California Agriculture, April 1950
Volume 4, Number 4
Peach varieties developed for warm climates
Peaches for warm climates: New varieties are solving problem of insufficient winter chilling in southern California orchards
by M. M. Winslow
Not available – first paragraph follows: New peach varieties requiring little winter chilling to break dormancy are solving the problem of delayed foliation in orchards in the lower elevations of southern California.
Increasing olive fruit sizes: Thinning important in lifting fruit from substandard grade into canning quality
by H. T. Hartmann, Karl W. Opitz
Not available – first paragraph follows: Olives of canning fruit size are of particular interest to California olive growers due to the probable 50% cut in the tariff on olive oil.
2,4-D and citrus fruit sizes: Increase of citrus fruit size primarily due to accelerated growth rate from spray treatment
by Wm. S. Stewart, H. Z. Hield
Not available – first paragraph follows: For the sixth successive year the grower of Valencia oranges apparently is faced with small-sized fruit in 1950— even though the size is larger than in 1949.
Male-sterile tomatoes: Unfruitful mutants offer several advantages for the production of hybrid seed
by Charles M. Rick
Not available – first paragraph follows: Male-sterile tomatoes offer advantages in the production of hybrid seed— from which substantially higher yields than those of parent varieties have been reported.
The redwoods of California: Conservation of Sequoias possible through seedling maintenance and proper cutting practices
by Emanuel Fritz
Not available – first paragraph follows: The redwoods of California are the only living species of Sequoia.
Oak pit scales: Control possible with emulsion-type foliage oil and toxaphene spray
by A. Earl Pritchard, Robert E. Beer
Not available – first paragraph follows: Oak pit scales are serious pests of oak trees in California. Terminal growth, branches, and smaller trees are often killed as a result of the feeding scales, and large trees may be weakened seriously. Experimental work indicates that oak pit scales may be controlled.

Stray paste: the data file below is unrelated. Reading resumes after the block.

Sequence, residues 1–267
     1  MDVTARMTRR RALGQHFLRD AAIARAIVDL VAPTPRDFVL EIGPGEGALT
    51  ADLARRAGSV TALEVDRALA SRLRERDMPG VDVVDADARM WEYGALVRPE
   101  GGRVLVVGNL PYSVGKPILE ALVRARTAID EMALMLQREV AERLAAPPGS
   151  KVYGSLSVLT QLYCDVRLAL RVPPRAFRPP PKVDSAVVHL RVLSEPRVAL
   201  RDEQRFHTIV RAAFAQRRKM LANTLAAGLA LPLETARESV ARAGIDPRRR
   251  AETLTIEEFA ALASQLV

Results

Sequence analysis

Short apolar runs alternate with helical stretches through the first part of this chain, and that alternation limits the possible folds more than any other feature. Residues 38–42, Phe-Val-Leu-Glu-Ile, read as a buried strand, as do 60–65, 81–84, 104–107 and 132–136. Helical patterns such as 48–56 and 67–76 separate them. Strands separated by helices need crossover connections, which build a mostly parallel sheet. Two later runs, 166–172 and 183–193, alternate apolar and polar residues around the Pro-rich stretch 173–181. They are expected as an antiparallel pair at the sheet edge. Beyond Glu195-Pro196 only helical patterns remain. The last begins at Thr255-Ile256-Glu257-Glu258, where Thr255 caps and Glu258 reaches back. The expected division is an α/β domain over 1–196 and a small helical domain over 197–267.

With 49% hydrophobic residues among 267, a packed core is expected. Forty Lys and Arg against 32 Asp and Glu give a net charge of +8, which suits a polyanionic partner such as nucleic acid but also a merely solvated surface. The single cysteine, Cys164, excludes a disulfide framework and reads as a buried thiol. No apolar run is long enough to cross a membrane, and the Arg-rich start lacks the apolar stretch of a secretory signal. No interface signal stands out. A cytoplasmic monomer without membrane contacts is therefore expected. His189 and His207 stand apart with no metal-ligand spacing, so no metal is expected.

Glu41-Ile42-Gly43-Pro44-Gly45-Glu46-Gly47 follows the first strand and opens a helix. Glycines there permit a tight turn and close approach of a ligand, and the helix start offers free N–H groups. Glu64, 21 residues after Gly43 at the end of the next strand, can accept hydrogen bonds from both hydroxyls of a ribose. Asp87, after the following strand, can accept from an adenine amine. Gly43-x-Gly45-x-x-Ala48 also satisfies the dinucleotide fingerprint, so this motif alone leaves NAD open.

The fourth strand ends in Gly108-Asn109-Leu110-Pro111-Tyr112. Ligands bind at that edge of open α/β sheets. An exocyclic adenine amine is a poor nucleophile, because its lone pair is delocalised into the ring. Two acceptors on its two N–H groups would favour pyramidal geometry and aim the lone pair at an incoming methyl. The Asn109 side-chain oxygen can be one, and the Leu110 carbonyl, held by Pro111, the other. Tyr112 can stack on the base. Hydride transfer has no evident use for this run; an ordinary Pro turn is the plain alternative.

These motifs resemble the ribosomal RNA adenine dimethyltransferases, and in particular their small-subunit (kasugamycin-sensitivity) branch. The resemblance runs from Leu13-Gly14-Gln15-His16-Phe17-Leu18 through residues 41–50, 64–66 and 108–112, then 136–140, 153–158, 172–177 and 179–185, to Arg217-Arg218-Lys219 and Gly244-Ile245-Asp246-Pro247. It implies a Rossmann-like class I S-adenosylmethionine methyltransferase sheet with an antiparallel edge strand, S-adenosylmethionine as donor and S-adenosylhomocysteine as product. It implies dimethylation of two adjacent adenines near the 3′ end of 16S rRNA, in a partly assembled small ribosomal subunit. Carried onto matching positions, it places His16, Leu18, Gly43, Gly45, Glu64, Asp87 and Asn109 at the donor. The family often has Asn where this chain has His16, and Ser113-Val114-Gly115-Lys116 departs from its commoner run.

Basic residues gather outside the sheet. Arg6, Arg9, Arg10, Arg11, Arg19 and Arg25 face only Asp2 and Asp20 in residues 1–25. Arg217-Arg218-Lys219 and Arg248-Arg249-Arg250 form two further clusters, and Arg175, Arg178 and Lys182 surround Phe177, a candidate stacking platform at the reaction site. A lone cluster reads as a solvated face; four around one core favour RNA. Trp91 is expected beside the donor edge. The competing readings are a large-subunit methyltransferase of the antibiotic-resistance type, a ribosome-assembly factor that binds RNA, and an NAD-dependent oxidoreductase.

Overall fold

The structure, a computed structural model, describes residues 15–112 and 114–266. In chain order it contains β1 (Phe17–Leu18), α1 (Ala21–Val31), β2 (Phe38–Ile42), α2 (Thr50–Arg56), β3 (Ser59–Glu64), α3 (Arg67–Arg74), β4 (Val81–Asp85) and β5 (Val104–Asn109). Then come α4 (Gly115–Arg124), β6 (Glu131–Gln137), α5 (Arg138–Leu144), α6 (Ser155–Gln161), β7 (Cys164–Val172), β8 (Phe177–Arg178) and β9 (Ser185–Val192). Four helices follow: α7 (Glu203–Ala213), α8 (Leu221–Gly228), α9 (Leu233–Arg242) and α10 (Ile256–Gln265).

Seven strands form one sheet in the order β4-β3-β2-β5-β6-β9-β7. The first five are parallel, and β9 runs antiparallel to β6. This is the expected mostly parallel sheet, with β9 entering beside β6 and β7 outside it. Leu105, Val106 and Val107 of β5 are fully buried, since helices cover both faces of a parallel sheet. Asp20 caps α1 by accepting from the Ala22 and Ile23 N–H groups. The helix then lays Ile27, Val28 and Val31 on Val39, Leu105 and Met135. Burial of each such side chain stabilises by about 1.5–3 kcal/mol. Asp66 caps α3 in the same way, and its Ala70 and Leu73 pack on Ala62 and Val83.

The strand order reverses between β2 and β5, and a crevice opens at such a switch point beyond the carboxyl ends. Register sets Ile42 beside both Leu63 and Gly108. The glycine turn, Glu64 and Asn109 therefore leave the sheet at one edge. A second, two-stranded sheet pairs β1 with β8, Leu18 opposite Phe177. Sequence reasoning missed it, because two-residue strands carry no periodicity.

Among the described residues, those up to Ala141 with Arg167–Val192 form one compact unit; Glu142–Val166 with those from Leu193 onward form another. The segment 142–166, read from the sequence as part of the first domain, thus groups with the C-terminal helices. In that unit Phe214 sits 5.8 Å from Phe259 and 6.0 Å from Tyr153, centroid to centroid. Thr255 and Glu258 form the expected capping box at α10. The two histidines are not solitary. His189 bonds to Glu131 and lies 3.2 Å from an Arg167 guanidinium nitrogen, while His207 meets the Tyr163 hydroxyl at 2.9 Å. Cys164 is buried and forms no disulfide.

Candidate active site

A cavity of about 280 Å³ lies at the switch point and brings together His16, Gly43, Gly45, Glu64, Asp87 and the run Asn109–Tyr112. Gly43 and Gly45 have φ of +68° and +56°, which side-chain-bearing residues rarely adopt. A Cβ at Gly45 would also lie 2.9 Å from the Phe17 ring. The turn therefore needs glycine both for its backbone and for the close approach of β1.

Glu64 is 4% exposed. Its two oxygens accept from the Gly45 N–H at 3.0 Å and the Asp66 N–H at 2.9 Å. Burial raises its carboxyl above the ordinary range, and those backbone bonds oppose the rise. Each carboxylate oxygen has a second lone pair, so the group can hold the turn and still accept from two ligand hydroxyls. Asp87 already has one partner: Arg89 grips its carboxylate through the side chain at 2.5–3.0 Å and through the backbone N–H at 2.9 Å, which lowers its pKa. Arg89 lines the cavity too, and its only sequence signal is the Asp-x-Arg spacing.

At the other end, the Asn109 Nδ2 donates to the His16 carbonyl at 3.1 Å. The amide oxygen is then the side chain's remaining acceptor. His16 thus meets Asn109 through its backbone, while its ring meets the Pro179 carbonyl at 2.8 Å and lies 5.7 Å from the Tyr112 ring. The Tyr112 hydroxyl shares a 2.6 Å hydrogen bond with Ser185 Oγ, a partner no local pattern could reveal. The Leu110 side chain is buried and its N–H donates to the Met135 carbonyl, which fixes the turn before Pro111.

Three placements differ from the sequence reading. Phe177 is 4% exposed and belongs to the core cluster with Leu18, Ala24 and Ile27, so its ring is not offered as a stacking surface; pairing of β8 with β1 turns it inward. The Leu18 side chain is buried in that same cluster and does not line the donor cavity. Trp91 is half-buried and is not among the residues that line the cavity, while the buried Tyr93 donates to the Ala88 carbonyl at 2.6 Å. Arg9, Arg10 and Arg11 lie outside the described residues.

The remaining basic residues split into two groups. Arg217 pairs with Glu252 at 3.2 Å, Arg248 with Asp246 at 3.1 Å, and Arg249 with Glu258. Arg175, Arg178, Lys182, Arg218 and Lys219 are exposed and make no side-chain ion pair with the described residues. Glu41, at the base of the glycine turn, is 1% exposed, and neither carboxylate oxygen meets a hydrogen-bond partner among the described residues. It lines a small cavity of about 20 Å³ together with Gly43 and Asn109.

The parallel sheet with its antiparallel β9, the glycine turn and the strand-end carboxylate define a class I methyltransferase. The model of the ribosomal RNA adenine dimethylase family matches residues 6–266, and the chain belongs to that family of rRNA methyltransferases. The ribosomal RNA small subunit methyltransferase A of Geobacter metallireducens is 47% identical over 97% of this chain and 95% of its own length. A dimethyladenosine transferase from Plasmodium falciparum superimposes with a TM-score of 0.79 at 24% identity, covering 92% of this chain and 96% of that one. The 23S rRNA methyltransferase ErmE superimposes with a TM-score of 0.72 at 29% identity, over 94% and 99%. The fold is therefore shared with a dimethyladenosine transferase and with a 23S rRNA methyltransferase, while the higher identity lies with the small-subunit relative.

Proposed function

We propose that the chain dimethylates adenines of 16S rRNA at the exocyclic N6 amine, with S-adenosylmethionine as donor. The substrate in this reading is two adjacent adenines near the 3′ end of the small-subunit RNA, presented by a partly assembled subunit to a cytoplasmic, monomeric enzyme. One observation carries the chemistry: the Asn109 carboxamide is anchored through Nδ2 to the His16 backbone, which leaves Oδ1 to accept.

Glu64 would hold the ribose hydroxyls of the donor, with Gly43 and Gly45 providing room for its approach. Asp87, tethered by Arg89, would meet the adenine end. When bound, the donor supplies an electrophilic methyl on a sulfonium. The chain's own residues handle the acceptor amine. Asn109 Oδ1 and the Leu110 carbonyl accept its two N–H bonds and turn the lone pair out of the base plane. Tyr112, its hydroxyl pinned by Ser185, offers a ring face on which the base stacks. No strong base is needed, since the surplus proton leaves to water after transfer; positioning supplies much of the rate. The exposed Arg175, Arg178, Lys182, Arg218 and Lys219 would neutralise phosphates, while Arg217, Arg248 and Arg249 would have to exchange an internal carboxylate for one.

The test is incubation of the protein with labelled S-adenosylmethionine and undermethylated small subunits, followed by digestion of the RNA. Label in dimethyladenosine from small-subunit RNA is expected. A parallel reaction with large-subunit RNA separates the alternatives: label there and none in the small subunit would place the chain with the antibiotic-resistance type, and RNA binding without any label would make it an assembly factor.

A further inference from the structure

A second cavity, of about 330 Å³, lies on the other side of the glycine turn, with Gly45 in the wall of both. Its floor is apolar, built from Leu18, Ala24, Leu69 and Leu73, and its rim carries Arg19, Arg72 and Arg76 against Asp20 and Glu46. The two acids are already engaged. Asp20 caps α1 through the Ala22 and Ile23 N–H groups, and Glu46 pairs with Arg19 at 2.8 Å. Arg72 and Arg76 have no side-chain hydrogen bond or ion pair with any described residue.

Ripe fruit rot in tomatoes: Early maturity of fruit and harvest before fall rains are factors in reducing loss
by R. G. Grogan
Not available – first paragraph follows: Fruit rot in the California canning tomato crop is an important problem because state standardization laws require that fruit having 5% or more rot at the time of inspection be rejected as unfit for processing.
Potato scab control: Applications of sulfur to increase soil acidity effective in reducing disease in experiments in Kern County
by John W. Oswald, David N. Wright
Not available – first paragraph follows: The most promising approach in the prevention of potato scab development has been to increase the acidity of the soil by the addition of sulfur.
Sweet corn: Growth and yield affected by irrigation in semiarid areas
by John H. MacGillivray
Not available – first paragraph follows: Growth of sweet corn is greatly affected by insufficient soil moisture, as measured by yield of marketable ears, size of plant, and dry matter produced.
Egg washing field trials: Studies indicate clean unwashed eggs are most suitable for satisfactory storage
by F. W. Lorenz
Not available – first paragraph follows: Washing eggs before storage is a risky business. The only safe eggs to store are clean eggs produced clean and unwashed.
Dairy cow replacements: About 90% of Los Angeles County in-shipments in 1949 came from areas other than the milkshed
by Edwin C. Voorhies, Nathaniel S. Mewhinney